The search for self-realisation brought her from Limburg in Germany to this small hill town in Himachal Pradesh three decades ago.
Living in a serene village Gamru uphill Dharamshala in the lap of majestic Dhauladhar mountains, Elsbeth Buschmann pours out her inner peace on the canvas with brush and paints. Her paintings are in harmony with nature and a perfect fusion of design and consciousness.
What she creates is soothing art with positive undertones.
“I am inspired by landscapes and nature. My paintings have a spiritual backup,” Buschmann shared with The Statesman, describing the ‘deep meaning’ she seeks to convey through each of her painting.
Buschmann, now in her 60s, has lived art all her life. Born in the family of artists in Germany, she studied art in London and Paris. She visited several museums across the world for exposure and stayed in United States for some years, getting much fame for her art. Her trip to Mexico helped her develop her own typical style of painting.
A turning point in her life, however, came in 1981, when she listened to the discourses of a spiritual master (Guru) from India at Frankfurt, Germany in 1981.
“He opened my spiritual potential and I got interested in philosophy. And I chose to move to India to develop my inner self under the guidance of my master. I lived in the ashram in Delhi for sometime and in 1987, I travelled to Mcleodganj and lived near Dharamkot for four years and finally stayed back, marrying a local (nature photographer),” she said.
“It wasn’t easy to manage without basic facilities near Dharamkot as I grew up in a posh family with my father a electrical contractor in Germany. But I was looking for a deeper meaning to life. I loved the trees around, the mountains and the beauty of nature,” she hastened to add.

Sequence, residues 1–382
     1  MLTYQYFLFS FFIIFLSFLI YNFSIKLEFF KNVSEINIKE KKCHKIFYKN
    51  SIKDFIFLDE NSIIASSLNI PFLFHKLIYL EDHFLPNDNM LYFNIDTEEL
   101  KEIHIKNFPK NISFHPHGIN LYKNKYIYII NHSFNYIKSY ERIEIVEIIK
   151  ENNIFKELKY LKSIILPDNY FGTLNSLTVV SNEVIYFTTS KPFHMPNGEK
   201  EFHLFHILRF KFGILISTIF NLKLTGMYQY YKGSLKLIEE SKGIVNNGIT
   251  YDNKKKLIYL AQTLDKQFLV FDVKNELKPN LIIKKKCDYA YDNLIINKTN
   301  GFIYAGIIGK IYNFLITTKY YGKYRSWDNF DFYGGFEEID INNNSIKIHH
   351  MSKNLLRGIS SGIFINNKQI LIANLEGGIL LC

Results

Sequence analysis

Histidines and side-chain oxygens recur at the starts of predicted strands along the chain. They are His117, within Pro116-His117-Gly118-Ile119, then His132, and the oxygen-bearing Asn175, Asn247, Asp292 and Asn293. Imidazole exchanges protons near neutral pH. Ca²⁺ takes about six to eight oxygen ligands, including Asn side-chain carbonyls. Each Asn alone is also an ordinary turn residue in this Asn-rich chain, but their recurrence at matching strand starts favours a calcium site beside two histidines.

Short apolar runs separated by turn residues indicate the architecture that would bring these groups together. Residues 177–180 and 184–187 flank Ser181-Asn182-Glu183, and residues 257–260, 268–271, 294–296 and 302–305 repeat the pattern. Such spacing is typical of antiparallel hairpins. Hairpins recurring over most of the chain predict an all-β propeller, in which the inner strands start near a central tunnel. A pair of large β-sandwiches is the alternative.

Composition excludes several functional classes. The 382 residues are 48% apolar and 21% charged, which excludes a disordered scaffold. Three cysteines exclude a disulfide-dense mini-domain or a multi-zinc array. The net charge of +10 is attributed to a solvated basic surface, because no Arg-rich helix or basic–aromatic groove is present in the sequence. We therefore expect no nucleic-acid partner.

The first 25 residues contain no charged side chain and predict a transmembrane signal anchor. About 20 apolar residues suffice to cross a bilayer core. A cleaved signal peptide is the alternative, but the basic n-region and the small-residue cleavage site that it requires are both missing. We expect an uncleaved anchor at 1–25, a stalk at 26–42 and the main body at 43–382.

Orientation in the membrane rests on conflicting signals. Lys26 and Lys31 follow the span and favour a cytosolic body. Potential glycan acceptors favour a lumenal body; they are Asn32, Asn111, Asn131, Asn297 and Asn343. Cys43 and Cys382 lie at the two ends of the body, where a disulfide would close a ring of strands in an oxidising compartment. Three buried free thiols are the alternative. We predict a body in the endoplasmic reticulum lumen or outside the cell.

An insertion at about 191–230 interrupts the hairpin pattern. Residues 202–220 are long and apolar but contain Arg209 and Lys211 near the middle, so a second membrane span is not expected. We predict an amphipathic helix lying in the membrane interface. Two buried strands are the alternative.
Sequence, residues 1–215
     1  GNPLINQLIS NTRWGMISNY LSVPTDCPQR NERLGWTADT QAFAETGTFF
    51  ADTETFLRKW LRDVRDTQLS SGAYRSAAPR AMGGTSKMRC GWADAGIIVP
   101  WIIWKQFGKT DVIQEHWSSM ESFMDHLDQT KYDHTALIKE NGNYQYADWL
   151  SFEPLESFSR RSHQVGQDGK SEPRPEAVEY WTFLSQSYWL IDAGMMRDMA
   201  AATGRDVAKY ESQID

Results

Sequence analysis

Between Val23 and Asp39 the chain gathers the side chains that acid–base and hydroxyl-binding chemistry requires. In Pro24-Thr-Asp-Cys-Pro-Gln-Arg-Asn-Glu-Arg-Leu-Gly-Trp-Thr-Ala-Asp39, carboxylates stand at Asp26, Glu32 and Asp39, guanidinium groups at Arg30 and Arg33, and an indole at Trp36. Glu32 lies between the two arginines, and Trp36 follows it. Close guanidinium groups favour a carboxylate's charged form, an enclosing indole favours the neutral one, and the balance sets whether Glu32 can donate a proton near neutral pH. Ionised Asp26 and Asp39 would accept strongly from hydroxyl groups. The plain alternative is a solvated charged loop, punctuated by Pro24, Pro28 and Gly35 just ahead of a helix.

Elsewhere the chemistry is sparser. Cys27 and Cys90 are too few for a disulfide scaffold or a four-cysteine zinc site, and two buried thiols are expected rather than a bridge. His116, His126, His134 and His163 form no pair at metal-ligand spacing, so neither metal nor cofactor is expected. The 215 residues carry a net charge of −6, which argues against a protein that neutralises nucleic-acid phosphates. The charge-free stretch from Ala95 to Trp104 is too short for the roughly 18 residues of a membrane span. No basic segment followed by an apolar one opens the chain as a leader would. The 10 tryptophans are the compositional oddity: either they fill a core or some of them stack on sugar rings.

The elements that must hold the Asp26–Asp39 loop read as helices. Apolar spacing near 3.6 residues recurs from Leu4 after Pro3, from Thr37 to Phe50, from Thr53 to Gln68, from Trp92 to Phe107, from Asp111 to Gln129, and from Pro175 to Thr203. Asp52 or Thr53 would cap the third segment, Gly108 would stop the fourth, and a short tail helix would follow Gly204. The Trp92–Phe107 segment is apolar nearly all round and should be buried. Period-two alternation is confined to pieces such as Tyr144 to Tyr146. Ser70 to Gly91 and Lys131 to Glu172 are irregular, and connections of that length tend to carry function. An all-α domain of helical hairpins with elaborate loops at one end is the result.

Buschmann has been following the thought of Sant Mat since, which even influences her paintings.
“I have never counted the hours that I put into my art work. But I paint for five times a week. I meditate a lot that keeps my search and creativity going ,” she said.
Buschmann uses acrylic, oil paints and water colours and has more than 300 paintings to her credit. She has kept some of her paintings in the art gallery (Naam) at Sidhbaari on the outskirts of Dharamshala.
Buschmann has titled each one of her paintings. She has compiled a book – Beyond the Visible- in Deutsch ( German language) and English to define some of her paintings, which although speak for themselves, right from ‘Web of Maya’, ‘Mahadeva’, ‘Queen of Night’ , ‘Emerging Consciousness’ or paintings of Kangra valley and Chamba.
Her idea of ‘Mahadeva’ (Shiv) is distinct and she has painted Shiva as a messenger of light and wisdom. “I see him in positive light, wherein after destroying, Shiva is purely spiritual,” she explained.
Painting flowers delight her so much as she finds all the flowers ‘so peaceful’. Buschmann uses mountains and circles in her paintings as “the mountains seem to flow and rest at the same time, symbolising timelessness and the circle is infinite without beginning or end”. “To me the meaning of art is purely different. It is extremely satisfying for me when connoisseurs visiting my art gallery revert to me, saying that they could feel positive vibrations my spiritual paintings.
Buschmann, who earlier used to put up exhibitions in metros like Delhi and Mumbai, has stopped doing it for the hassle and purposelessness in it. “I don’t have commercial interests. I have enough money to live my life. I preferred to open my art gallery in a non-distinct, peaceful village just to express gratitude to locals for welcoming a foreigner,” she said.
Noted painter and recipient of various awards, Buschmann is, however, a little known face around the area she lives.
“Germans love music and art. My life is painting and meditation. I don’t have many friends. I love to be alone,” she said. She talked of her book (kind of autobiography) in Deutsch, Call of the Rain bird (title in English), in which she has drawn a parallel to Rain bird, which seeks utmost purity in life, while describing her life events.